When trauma affects the goose foot it can compromise other movements, damaging nearby muscles. The truth is that, more than due to trauma as such, injuries related to tendonitis or bursitis usually appear in this area.

Goose foot tendinitis and bursitis

Tendonitis consists of the inflammation of some of these tendons. It can cause lameness, inner pain and even inability to move the leg if the pain is very severe.

Bursitis, on the other hand, is the inflammation of the bursa. It is a fluid-filled cavity, similar to the synovium of other joints. It allows to cushion the friction between the bones and the tendons to reduce the damage generated during the movement.

Both injuries are classic in athletes. Especially in runners or in those who perform exercises that produce a lot of impact on this area of ​​the knees.

Injuries from overexertion or lack of training

Overexertion consists of performing a workout in which too intense a force is tensed or generated on the muscle. In these cases, some of the fibers may break. Actually, this overexertion can also be associated with a lack of training.

Other causes of pain in the sartorius muscle

Although it is a rare situation, pain in the sartorius muscle may occur due to the presence of a calcification. This is explained by a study published in Semergen-Family Medicine. This calcification comes, in turn, from a previous trauma.

How can this muscle be strengthened?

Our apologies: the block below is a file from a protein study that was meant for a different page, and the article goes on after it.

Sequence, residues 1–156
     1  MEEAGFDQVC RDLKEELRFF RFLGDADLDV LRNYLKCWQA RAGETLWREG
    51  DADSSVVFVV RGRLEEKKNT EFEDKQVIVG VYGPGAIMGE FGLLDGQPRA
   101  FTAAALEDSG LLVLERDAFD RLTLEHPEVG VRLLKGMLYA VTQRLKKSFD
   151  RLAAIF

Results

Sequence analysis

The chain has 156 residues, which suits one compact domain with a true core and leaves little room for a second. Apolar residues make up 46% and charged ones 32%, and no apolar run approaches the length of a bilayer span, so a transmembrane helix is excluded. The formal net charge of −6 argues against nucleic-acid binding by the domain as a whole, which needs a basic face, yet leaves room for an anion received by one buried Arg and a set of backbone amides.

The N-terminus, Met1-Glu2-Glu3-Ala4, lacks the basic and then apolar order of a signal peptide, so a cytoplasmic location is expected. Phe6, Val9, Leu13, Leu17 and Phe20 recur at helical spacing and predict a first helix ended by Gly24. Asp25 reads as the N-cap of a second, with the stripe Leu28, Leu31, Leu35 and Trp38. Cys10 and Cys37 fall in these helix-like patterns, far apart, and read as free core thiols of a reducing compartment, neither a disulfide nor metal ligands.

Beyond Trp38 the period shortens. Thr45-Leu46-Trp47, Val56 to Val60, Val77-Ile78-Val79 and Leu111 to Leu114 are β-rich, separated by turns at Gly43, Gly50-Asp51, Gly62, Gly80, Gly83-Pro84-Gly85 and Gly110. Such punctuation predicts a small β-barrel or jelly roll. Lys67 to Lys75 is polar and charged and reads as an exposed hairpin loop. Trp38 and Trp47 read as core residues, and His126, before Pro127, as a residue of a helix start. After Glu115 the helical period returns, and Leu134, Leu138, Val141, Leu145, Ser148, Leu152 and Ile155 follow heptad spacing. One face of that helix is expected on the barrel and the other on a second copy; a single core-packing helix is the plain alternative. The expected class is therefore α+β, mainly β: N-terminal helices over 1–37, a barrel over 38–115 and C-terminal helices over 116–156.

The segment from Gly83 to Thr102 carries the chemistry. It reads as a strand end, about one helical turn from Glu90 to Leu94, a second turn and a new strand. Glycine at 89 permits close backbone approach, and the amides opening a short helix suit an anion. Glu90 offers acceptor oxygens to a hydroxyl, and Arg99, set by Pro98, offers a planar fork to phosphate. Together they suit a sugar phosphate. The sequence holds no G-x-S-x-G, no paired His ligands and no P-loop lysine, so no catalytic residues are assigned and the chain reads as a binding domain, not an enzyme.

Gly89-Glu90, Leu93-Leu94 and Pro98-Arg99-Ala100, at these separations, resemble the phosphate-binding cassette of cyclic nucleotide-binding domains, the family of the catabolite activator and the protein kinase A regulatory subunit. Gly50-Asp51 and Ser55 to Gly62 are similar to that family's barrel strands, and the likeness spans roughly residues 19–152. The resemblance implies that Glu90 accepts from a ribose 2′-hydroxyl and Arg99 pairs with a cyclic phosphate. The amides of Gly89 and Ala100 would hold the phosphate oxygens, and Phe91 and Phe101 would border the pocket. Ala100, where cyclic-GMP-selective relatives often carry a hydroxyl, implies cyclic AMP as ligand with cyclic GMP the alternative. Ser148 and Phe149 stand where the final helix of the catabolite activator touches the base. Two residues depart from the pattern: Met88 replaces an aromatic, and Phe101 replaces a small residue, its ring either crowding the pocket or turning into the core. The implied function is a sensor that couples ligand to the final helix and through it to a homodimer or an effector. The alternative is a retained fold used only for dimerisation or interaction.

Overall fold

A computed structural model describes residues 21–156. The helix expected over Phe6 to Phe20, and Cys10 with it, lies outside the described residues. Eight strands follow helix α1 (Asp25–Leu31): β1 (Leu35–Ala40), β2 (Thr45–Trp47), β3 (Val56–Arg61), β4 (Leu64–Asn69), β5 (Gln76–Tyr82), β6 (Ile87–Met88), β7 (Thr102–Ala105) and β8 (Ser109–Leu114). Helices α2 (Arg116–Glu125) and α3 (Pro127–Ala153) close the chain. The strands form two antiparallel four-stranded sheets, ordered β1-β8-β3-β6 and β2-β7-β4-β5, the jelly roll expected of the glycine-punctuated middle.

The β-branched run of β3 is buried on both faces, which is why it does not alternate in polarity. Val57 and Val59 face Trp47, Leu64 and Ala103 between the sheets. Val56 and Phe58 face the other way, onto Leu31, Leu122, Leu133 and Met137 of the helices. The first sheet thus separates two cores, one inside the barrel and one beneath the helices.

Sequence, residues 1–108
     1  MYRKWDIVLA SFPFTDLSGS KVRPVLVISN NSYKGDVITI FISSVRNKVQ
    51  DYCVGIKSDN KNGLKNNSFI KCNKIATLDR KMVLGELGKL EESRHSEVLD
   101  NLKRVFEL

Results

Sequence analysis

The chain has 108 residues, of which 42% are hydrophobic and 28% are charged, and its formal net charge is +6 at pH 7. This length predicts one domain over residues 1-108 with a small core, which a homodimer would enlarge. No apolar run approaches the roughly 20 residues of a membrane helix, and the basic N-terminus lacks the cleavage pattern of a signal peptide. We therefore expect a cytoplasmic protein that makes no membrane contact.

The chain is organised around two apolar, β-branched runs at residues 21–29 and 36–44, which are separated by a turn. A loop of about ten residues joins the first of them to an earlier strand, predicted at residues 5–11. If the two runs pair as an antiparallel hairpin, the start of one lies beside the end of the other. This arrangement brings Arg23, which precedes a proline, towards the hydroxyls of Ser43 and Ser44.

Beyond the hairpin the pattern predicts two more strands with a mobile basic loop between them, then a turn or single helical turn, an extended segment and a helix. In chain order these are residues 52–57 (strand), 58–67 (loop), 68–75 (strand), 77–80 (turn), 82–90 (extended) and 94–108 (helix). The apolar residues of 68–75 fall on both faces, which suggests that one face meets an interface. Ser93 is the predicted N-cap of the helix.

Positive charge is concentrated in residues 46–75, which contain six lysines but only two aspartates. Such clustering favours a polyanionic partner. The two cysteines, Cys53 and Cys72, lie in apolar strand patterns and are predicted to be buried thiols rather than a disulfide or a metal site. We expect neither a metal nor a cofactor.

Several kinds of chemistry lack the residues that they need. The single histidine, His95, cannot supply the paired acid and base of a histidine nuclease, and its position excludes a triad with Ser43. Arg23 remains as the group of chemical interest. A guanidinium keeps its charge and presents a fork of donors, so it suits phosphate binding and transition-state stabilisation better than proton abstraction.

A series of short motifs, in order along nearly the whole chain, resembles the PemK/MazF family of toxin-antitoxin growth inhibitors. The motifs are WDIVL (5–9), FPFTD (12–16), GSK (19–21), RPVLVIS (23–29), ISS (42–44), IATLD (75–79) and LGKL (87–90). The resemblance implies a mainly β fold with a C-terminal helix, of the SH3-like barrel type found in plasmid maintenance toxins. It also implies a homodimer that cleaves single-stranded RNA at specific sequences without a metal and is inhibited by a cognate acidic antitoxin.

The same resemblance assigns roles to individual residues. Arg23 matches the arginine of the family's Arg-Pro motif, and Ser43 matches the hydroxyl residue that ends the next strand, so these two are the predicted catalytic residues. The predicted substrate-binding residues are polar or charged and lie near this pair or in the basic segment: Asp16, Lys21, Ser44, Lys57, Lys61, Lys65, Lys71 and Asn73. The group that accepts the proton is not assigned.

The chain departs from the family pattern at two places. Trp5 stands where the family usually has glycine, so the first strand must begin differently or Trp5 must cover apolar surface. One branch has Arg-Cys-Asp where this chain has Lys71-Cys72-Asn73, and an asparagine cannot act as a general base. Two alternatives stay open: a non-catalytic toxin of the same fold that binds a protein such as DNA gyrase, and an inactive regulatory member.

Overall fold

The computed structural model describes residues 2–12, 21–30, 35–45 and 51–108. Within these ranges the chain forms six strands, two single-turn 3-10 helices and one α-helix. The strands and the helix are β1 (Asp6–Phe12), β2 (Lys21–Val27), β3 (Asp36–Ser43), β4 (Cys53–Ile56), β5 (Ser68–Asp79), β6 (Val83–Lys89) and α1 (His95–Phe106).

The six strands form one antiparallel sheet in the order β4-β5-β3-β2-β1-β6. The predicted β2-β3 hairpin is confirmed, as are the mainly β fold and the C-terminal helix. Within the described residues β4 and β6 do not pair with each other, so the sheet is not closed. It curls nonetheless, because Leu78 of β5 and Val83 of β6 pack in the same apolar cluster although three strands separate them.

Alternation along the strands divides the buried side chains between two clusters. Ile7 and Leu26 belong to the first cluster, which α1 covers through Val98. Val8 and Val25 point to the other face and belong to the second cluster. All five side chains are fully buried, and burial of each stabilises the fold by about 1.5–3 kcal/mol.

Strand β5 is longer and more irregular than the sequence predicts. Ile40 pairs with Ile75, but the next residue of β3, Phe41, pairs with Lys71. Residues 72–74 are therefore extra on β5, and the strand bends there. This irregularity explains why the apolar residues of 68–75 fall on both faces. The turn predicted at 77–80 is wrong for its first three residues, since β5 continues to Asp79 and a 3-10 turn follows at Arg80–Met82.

Strengthening the sartorius muscle is essential. First of all, because strength training brings numerous health benefits, not just aesthetically. For example, it speeds up your metabolism and helps you burn more calories at rest.

Further, the leg muscles support the entire body weight. They allow us to walk and move naturally. In the case of the sartorius muscle, it is responsible for us to flex the leg and perform rotational movements. Something basic to crouch down.

Therefore, in healthy people it is recommended to perform strength training with the lower body. Whether in the gym or at home, there are numerous exercises that can be done that help strengthen this muscle. Squats can be one of them.

Stretches are also another fundamental pillar. In the case of the sartorius, to perform it, the leg must be brought to the opposite position. For this, it is recommended to lie on your side on a safe surface. The upper leg should be extended and the hips rotated inward.

Traumas on the sartorius muscle can inflame it and cause pain in the area.

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Discomfort in any muscle should be checked

It is important that we bear in mind that if there is any discomfort in the sartorius muscle, as in any other muscle, it should be consulted with a specialist. If we let the pain or discomfort go by, it could be an evolving pathology, such as tendinitis.

Using a small roll of plastic under the thigh we can eliminate tension. These types of objects are sold in many sports stores. The idea is to get on top, on the ground, and roll on it pressing the thigh.

Finally, it is also convenient to emphasize again that the sartorius muscle must be strengthened and stretched frequently. Thus we avoid possible injuries that appear due to overexertion or lack of training.